KAPALKO: Perfect introduction to love and baseball

Jamie Kapalko

They say you fall in love when you aren’t looking for it. You show up at a party without looking twice in the mirror, hoping to grab a drink and some chips and guacamole, make a quick exit, head home, change into sweatpants and curl up under a blanket for a marathon of “30 Rock” on DVD before you fall asleep on the couch.

But instead, you meet someone. You stay; you chat; you don’t even think to look at your watch. This person is cute, funny, doesn’t seem crazy. You leave with a phone number, and when you get home it feels strangely like warm cupcakes are doing somersaults in your stomach. Fast forward through the sweet stuff, and soon enough you’re watching DVDs in sweatpants with this person instead of alone.

Ten years ago this happened to me.

It was May 17, 1998. My best friend and her dad invited me to a Yankees game. I didn’t care much about baseball then, but it was Beanie Baby Day at the Stadium. I obsessed over the little stuffed creatures, so I eagerly accepted the invitation and set off for my first Major League game.

I would’ve been perfectly content collecting a toy at the door, inhaling a hot dog and going right home. Love? No, I was looking for Valentino the Bear.

As we entered the stadium and headed toward our seats, I was gobsmacked by my first sight of the outfield grass.

“So this is green,” I wondered, distracted from the fuzzy prize in my hand.

I remember the day being warm and sunny, but that could be just because it fits the story. I filled out my scorecard diligently for an inning or so until my attention began to wander. There wasn’t much action.

Bernie Williams hit a home run, which I thought was exciting. He had two doubles, too, and Darryl Strawberry hit a triple. The other team, the Minnesota Twins, didn’t hit anything.

The Yankees settled into a comfortable lead. It was fairly pleasant but unremarkable.

So when Yankees pitcher David Wells got a standing ovation before the top of the ninth, my friend and I asked why everyone was going nuts. The fans were screaming, everyone was on their feet and they weren’t talking to each other. All eyes were focused, like it was life or death, but the Yankees were up safely 4-0, and the Twins hadn’t even come close to scoring. Hey, matter of fact, they hadn’t even –

“Shush,” her dad said.

I don’t remember a single pitch or play except the last one: a clean fly ball to Paul O’Neill in right field, followed by mayhem. It was like 50,000 people hitting the New York Mega Millions jackpot simultaneously. People were hugging strangers. They stayed long after the end of the game, milling around their seats, not wanting it to end.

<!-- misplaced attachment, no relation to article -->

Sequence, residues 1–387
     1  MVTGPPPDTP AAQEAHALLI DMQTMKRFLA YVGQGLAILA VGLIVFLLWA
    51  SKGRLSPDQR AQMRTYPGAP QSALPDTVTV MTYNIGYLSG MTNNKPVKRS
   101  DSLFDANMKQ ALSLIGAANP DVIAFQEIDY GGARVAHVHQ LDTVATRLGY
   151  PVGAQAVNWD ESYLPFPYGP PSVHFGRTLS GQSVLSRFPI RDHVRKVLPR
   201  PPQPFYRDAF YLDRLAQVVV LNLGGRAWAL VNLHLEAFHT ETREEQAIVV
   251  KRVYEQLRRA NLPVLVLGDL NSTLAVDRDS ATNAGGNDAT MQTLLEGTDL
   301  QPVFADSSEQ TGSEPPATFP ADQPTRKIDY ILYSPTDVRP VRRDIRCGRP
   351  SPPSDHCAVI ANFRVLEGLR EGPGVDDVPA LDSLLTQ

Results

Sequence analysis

After I was dropped off at home, I told my dad that baseball games were fun and I would like to go again.

He explained to me that what I had just seen was history, and it was called a perfect game. That was why it seemed so boring until the end – the fact that nobody on the Twins had gotten on base made Wells special and me lucky.

There are different ways to fall in love. It’s usually gradual – attraction first, then liking, then love. But my romance with baseball was more dramatic; it was a whirlwind, thanks to that one game.

I was fascinated by the sport. It had given me a remarkable gift, and I wanted to understand it. I started to watch games with my dad, and I began playing softball the next year – an affair that would become more intense than my love for baseball.

The skeptics scoff. “You saw baseball at its best. Of course it was great. But how could it ever measure up after that?”

Sure, the perfect game is probably the rarest feat I’ll ever witness in person. It was a flawless first date.

But it didn’t make anything I saw after it any less exciting. In baseball, the normal – the ground balls to short, the 1-for-3 days, the ordinary games – are necessary. Without these, how could you be thrown off your feet by the diving catches, the walk-off home runs, the perfect games?

I met baseball when it was dressed in its finest tux. But I got to know it and love it in its sweatpants, too.

For 10 years I have loved this game. For 10 years I have been a little girl, entranced again and again by the spectacular, the unpredictable, the magic. Stunned, dumbfounded, again and again.

Valentino the Bear – my matchmaker – was, fittingly, white with a red heart on its chest. Like all Beanie Babies, its tag bore a short poem. Valentino’s poem said, “Keep him close when feeling blue / Feel the love he has for you!”

It’s been 10 years, and I don’t have the bear anymore. It’s gone the way of other artifacts of my fickle pre-teen taste – in the garbage. But I still have baseball. And I still feel the love.


Jamie Kapalko is a junior English major from Belmar, N.J. She can be reached at [email protected]